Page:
The Structural Context of Executive Information Systems Adoption

The Structural Context of Executive Information Systems Adoption

Deepinder S. Bajwa (Fayetteville State University, USA), Arun Rai (Georgia State University, USA) and Arkalgud Ramaprasad (Southern Illinois University at Carbondale, USA)
Copyright: © 1998 |Pages: 11
DOI: 10.4018/irmj.1998070103
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Abstract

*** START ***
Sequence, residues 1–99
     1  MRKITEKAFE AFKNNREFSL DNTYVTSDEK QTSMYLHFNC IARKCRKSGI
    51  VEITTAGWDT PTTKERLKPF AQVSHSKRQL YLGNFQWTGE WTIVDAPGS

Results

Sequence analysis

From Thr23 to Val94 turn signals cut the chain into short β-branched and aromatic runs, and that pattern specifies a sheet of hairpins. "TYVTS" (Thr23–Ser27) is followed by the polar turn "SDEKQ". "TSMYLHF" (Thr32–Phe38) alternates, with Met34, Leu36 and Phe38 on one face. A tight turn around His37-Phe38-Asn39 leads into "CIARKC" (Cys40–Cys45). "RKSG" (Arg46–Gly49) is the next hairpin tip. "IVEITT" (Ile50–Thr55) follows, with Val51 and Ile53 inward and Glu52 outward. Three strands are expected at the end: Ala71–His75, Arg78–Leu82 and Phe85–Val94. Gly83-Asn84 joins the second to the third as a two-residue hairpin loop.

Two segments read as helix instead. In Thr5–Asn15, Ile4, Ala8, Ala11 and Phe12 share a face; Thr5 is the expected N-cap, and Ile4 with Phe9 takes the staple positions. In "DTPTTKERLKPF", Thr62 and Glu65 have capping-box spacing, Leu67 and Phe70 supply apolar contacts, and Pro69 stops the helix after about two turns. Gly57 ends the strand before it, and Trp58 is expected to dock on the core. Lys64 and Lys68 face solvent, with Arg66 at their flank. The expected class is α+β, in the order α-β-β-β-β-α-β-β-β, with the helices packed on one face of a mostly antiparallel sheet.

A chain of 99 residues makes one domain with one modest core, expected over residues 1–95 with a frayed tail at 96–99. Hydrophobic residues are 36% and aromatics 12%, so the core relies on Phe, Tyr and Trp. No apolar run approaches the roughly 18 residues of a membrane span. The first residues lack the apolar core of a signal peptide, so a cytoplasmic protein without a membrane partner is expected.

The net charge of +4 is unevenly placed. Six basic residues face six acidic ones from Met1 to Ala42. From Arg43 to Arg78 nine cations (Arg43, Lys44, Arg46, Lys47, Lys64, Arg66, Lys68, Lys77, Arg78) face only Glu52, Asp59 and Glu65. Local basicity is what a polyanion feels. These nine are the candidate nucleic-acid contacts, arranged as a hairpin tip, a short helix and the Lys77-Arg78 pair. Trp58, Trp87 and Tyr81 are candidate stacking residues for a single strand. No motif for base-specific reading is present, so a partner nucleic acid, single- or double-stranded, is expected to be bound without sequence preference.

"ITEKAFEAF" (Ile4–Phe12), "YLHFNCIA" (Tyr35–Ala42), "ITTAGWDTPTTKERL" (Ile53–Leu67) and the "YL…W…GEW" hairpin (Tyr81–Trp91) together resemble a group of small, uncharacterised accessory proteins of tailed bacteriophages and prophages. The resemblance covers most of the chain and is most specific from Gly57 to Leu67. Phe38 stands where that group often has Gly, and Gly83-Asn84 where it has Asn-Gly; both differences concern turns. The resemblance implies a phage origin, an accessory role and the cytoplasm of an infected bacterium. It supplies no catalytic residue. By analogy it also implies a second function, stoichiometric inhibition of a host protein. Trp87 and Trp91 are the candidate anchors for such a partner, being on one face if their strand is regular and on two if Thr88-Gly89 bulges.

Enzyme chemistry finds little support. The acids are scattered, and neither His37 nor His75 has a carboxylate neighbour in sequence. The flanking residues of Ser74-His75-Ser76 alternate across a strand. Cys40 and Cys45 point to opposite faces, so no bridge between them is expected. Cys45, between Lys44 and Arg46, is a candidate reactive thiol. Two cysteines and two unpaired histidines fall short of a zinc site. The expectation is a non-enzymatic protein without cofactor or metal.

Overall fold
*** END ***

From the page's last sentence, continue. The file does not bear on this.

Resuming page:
While some firms are developing computer-based Executive Information Systems (EIS) to support key executives and managers, a large number of organizations are presently not using EIS. Our focus here is on structural factors associated with the adoption of EIS capabilities that support managerial communication, coordination, control, and planning. A national survey was conducted to collect data for the empirical study. Our analysis uses data from 210 organizations representing adopters and non-adopters of key EIS capabilities. Adopters of each of the four EIS capabilities have higher levels of environmental dynamism, heterogeneity, and hostility than their non-adopting counterparts. EIS adopters with higher levels of environmental pressures appear to be implementing distributed architectures to deliver EIS applications. Furthermore, adopters of EIS capabilities for purposes of coordination, control, and planning have larger IS departments than non-adopters. It also appears that larger organizations are implementing EIS capabilities for planning purposes to a greater degree than smaller organizations. They also have a greater proportionate representation from the for-profit sector. Implications of these findings are discussed along with directions for future research

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